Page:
Heat in a 400 degree oven for twelve minutes, then put it under the broiler for three minutes to gently brown it.

***Test for seasonings. My in-laws don't like a ton of seasonings so I just kept it simple.

Saturday, March 15, 2008

Lemon Blueberry Muffins

It's a funny Northern California Saturday in March--cool and sunny in the morning, turning to clouds and damp mid-day. As I typed that sentence I heard the strange sound of rushing water outside only to find nickel-sized hail suddenly coming down.

This morning was the first day that all of us are whole again after a nasty stomach bug. It hits for about eight miserable hours and leaves the victim wrung up for the next 36 hours. I ate toast and bananas for three days afterwards, and still don't feel ready to face things like a big bowl of bibimbap and kimchee.

I've decided once and for all I'm changing the ways I feed my family. No more running through the drive-through because Juiceboy can't find a thing for dinner (or I'm more in the mood for a burrito than I am for soup, or salad, or a ham sandwich....). And no more cheaping out not getting the stuff that I know is best for the family because I feel it's too expensive. Take for example, milk. I know organic milk is the best way to go with two growing boys. But I see the $6/gallon price tag and choke, knowing I can get two gallons of regular milk for the same amount.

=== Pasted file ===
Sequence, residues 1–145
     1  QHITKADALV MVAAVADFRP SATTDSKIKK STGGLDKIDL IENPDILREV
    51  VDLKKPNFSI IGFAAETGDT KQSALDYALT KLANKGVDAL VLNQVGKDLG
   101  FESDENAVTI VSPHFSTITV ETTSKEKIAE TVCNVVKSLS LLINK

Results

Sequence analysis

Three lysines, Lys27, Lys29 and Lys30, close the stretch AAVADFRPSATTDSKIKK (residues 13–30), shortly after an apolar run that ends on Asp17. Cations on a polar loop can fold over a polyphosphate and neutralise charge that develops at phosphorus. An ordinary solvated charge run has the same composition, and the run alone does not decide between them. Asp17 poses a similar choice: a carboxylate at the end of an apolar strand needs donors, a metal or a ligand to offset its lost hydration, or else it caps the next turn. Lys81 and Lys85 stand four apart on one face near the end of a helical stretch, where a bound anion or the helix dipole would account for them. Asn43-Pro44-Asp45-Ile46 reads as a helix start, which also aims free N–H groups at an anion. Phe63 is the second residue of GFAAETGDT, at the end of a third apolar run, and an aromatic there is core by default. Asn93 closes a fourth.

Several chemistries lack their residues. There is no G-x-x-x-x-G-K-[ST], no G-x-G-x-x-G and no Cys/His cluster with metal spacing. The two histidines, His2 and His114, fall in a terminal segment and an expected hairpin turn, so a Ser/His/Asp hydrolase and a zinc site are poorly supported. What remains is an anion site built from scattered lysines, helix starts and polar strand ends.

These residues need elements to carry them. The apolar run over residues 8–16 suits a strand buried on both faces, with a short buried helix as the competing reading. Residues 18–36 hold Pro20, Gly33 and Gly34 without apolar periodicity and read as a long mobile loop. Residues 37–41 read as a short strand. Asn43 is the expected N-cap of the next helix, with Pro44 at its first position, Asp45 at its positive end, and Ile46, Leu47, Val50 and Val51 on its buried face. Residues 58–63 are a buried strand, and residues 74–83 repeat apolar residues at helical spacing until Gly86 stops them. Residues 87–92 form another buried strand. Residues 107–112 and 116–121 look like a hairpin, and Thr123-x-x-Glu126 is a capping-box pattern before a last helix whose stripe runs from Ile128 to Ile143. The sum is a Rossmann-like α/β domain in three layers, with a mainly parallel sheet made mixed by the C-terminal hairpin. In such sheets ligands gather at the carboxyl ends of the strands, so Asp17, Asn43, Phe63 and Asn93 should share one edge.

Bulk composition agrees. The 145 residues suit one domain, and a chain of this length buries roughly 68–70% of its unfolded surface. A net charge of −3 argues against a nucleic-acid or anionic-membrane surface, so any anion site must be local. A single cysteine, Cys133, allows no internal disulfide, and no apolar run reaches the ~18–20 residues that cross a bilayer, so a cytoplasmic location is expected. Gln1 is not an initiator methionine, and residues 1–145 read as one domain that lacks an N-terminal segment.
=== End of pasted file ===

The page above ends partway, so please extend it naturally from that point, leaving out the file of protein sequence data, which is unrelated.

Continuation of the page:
And yet, I'll spend upwards of $80 a week just getting take-out and coffee.

So, this morning, I made some muffins. Muffins?! you say, "muffins are fattening and terrible for you!" But look at this recipe. It's got low-fat yogurt, flax, and big, fat blueberries. This recipe yields 12 smaller muffins or 10 to 11 larger muffins, and results in moist, fluffy, sticky muffins that needed no butter or jam.

Lemon Blueberry Muffins

2 cups minus three large tablespoons all-purpose flour
3 heaping tablespoons whole wheat flour
1 tablespoon baking powder
1/4 teaspoon salt
2 tablespoons ground organic flax (optional)**

2 large eggs
1 cup low-fat plain yogurt
1/4 cup packed light brown sugar
3 tablespoons honey
1/3 cup sugar
4 tablespoons warm melted butter
1 teaspoon vanilla
1 teaspoon lemon zest (add more to taste)
Juice of half a lemon

1 1/2 cups frozen blueberries